CDC Recommends Pregnant Women Get COVID Vaccine Based on Unreviewed Study, Unverifiable Data

Many of the miscarriage cases reported (some are testimonial) in VAERS, tell heartbreaking stories of loss and sadness.
By Brian Hooker, Ph.D., P.E. Eileen Iorio

The Centers for Disease Control and Prevention’s recommendation that pregnant women be vaccinated for COVID was based on a yet-to-be-peer-reviewed paper and on data from the government-run v-safe system, which the public can’t access and therefore can’t verify.

None of the three manufacturers of the COVID vaccines being administered in the U.S. — Pfizer, Moderna and Johnson & Johnson — completed clinical trials on pregnant women as a part of their Emergency Use Authorization applications to the U.S. Food and Drug Administration (FDA).

In its application to the FDA for full approval — which was granted Monday — Pfizer said its “available data” on its vaccine was “insufficient to inform vaccine-associated risks in pregnancy.”

Yet the Centers for Disease Control and Prevention (CDC) nevertheless recommends pregnant women get the vaccines — a recommendation the agency reaffirmed Aug. 11, based on the yet-to-be-peer-reviewed research paper — “Receipt of mRNA COVID-19 vaccines preconception and during pregnancy and risk of self-reported spontaneous abortions, CDC v-safe COVID-19 Vaccine Pregnancy Registry 2020-21.”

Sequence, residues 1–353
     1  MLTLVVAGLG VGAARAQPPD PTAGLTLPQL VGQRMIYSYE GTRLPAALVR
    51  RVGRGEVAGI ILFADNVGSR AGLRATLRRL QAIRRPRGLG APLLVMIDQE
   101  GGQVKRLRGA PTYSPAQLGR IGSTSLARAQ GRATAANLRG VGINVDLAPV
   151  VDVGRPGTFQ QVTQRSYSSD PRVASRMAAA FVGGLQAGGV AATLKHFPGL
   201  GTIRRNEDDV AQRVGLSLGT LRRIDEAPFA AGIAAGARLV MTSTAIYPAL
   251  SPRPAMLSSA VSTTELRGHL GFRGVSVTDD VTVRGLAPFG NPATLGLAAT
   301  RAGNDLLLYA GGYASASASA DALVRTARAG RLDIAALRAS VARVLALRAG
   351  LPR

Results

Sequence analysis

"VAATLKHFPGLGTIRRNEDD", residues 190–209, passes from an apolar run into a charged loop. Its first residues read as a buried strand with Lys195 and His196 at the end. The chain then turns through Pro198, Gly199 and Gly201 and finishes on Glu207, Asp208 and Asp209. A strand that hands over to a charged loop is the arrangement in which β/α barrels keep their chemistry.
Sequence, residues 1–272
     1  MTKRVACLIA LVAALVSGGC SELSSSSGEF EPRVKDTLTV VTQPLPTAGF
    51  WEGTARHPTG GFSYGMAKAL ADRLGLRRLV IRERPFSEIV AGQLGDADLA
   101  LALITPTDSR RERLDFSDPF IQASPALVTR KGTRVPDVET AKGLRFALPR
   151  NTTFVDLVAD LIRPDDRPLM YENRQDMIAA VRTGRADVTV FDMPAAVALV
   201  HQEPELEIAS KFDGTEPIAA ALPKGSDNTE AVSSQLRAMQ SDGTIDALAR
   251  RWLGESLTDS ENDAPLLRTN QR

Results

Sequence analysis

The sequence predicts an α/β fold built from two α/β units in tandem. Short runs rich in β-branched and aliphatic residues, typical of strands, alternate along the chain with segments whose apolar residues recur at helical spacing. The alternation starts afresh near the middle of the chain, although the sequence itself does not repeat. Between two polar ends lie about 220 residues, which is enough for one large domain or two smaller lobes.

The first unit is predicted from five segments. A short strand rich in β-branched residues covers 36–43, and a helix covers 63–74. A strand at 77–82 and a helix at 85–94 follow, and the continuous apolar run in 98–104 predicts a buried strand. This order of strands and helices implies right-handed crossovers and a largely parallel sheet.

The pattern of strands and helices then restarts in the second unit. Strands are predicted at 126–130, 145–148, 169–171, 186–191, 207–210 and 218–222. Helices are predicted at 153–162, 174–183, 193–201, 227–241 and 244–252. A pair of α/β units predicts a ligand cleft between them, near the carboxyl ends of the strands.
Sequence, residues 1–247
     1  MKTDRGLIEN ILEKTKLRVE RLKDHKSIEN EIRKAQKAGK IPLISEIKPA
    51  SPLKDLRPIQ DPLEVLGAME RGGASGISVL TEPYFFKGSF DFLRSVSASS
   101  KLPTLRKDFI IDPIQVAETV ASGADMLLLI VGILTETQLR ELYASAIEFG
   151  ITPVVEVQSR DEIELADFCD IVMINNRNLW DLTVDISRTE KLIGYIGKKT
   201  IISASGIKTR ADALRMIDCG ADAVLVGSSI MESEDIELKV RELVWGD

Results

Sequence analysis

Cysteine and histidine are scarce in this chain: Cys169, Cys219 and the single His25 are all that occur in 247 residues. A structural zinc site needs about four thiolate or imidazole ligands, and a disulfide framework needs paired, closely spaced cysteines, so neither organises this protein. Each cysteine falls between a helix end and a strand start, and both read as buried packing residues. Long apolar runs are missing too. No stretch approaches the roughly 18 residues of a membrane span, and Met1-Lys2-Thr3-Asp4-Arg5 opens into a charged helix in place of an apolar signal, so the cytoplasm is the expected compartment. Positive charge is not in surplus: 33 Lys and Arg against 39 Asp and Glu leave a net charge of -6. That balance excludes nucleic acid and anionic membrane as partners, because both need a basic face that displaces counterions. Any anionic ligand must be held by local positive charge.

The paper’s authors, Zauche et al., found that in a group of 2,456 pregnant women, 14.1% miscarried during 6 to 19 weeks of gestation. This is the duration of time where such a miscarriage is medically termed a “spontaneous abortion.”

This compares to a U.S. average of spontaneous abortion between 10 to 20% for a similar timeframe.

It is at a minimum curious that the CDC would make vaccination policy recommendations based on an unreviewed manuscript. Typically, such a paper would be reviewed for scientific rigor and methodology by the authors’ research peers, and then published in a reputable, internationally recognized journal prior to such a recommendation.

It is also not clear this manuscript would withstand the rigors of peer review given that 89% of the study cohort consisted of medical professionals. This is certainly not a representative sample of U.S. women, as one would imagine that access to healthcare, including prenatal check-ups, would be much greater in the study sample than in the general population.

The study also did not account for 65 individuals who were unable to be contacted after initial enrollment in the cohort, nor did it account for 35 cases of pregnancy loss prior to six weeks gestation.

The Zauche et al. manuscript was based on the CDC’s V-safe database, which the public cannot access. CDC officials have rebuffed attempts to gain access to the database via the Freedom of Information Act, claiming privacy concerns of the database participants.



1 thought on “CDC Recommends Pregnant Women Get COVID Vaccine Based on Unreviewed Study, Unverifiable Data

  1. Pingback: CDC Recommends Pregnant Women Get COVID Vaccine Based on Unreviewed Study, Unverifiable Data — The Most Revolutionary Act – © blogfactory

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